Britain Needs A Pay Rise, 18th October: on the impact of demonstrations
Articles appear regularly in the Financial Times noting that while the number of people in employment has risen- albeit these are often part time or self employed workers-wage levels mostly have not.
There are several results of this. One is that the economy has not recovered as quickly as might be thought. Many don’t have the extra cash to spend that would boost it. Another is that tax revenues are below forecast levels. That is partly because Government cut taxes for big business and a number of well-known Companies pay little or no tax anyway. It is also because if your wages aren’t going up then neither is the amount of tax you pay- adjustments by the Chancellor notwithstanding.
So the Britain Needs a Pay Rise demonstrations organised by the TUC in Belfast, London and Glasgow were well timed.
How big were they? I have no accurate idea. I was on the London demonstration. I arrived at Embankment a little after 11am- the advertised assembly time. By 1pm the section of the march we were in [by no means the back] had got has far as Embankment tube station. For those unfamiliar with the geography of central London that is a few hundred yards.
By getting on for 2pm [the march by then was passing through Trafalgar Square, the head had been in Hyde Park a while] I needed a toilet, wi-fi and coffee break.
Heading back on to the march disaster struck. Like the letter writer in EP Thompson’s Making of the English Working Class, my spectacles broke. Unlike him, but like John Hegley, I had a spare pair. In the process I got diverted into the Maille mustard shop on Piccadilly.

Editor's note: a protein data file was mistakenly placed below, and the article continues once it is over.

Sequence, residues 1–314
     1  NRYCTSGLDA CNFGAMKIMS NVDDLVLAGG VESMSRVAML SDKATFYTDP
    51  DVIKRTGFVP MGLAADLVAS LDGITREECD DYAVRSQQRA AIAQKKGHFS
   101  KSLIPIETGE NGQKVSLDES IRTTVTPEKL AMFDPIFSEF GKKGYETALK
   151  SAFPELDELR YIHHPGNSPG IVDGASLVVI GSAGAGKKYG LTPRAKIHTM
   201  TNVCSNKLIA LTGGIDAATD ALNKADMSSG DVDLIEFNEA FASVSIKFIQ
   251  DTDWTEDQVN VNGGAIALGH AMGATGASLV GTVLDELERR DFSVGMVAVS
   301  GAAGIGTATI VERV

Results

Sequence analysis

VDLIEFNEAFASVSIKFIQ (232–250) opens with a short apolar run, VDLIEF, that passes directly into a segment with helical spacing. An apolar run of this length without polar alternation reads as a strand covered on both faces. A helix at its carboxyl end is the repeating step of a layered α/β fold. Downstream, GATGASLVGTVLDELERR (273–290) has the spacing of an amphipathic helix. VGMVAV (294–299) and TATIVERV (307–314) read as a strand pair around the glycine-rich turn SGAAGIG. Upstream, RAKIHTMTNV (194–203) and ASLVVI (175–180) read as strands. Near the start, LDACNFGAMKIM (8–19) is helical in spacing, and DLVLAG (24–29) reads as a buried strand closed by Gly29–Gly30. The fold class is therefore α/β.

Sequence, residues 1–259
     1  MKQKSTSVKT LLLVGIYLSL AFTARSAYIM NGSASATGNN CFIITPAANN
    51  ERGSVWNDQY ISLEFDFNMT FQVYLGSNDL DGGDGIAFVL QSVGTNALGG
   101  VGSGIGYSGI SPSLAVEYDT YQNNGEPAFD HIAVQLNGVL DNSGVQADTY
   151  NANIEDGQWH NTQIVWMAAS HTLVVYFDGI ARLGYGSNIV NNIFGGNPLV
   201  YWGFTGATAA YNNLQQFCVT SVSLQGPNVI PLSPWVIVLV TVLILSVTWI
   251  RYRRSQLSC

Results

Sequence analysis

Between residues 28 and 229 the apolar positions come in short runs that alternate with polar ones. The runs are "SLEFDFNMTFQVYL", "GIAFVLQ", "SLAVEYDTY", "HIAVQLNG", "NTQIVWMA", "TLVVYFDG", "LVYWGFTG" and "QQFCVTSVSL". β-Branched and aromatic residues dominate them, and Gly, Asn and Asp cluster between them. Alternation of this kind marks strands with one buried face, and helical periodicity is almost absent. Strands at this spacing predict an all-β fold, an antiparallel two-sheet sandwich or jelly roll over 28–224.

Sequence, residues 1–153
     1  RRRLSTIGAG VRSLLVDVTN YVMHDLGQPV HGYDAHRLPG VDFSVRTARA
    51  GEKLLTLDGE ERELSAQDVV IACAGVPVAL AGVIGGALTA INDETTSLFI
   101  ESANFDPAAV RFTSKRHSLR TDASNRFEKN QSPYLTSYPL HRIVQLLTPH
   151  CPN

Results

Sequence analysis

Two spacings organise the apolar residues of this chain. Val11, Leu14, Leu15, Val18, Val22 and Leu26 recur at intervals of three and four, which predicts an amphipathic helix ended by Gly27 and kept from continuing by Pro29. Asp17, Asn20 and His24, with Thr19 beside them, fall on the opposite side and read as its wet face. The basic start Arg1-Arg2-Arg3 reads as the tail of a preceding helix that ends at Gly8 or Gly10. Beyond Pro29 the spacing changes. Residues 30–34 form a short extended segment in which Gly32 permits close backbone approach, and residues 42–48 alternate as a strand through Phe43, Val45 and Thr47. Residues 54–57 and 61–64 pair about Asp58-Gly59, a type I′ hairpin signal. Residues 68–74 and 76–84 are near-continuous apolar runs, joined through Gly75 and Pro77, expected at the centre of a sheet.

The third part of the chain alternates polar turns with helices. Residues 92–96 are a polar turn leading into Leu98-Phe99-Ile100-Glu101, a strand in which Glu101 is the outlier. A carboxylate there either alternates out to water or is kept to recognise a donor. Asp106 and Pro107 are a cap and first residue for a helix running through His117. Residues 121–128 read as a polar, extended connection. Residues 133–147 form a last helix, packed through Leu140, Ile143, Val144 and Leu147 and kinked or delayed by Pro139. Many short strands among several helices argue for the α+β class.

Anyway, the police have officially given up estimating numbers on marches [apparently]. The TUC have claimed 80-90,000 in London and some on social media suggested 150,000.
The point is, it was a large march about an important issue- truly representative of a lot of grassroots feeling up and down the country, to make an impact. Meanwhile guess what the Twitter feed of that well known alleged representative of the dispossessed, UKIP, had to say about the march. You’re right of course. Absolutely nothing.
There are reasons why it is so hard to assess what the numbers are like on large marches. You can guesstimate how many it takes to fill a certain space, or how long a march takes to pass a certain spot. But on such large and slow moving marches those on it ebb and flow all the time.
I spent a fair time on the march talking to a senior officer of my union about internal union affairs. A slow moving march is an ideal time for such a conversation.
When I dipped out for a pee I saw, as is always the case, numbers of marchers walking around, perhaps also going to the toilet, having a coffee or just meeting up with friends.
The point I’m making is that large marches are of course political occasions but social ones too where what is now called ‘networking’ takes place.
The impact of the march was enough anyway to get mainstream media coverage. It wasn’t just the size but the timing and the subject that drove that. Well done then to all those that organised the marches on 18th October. Hard work paid off.
If however anyone imagines that holding a march will be enough to sort out the problem of a lack of wage increases they will be sadly disappointed. Going on marches is not enough in days like these.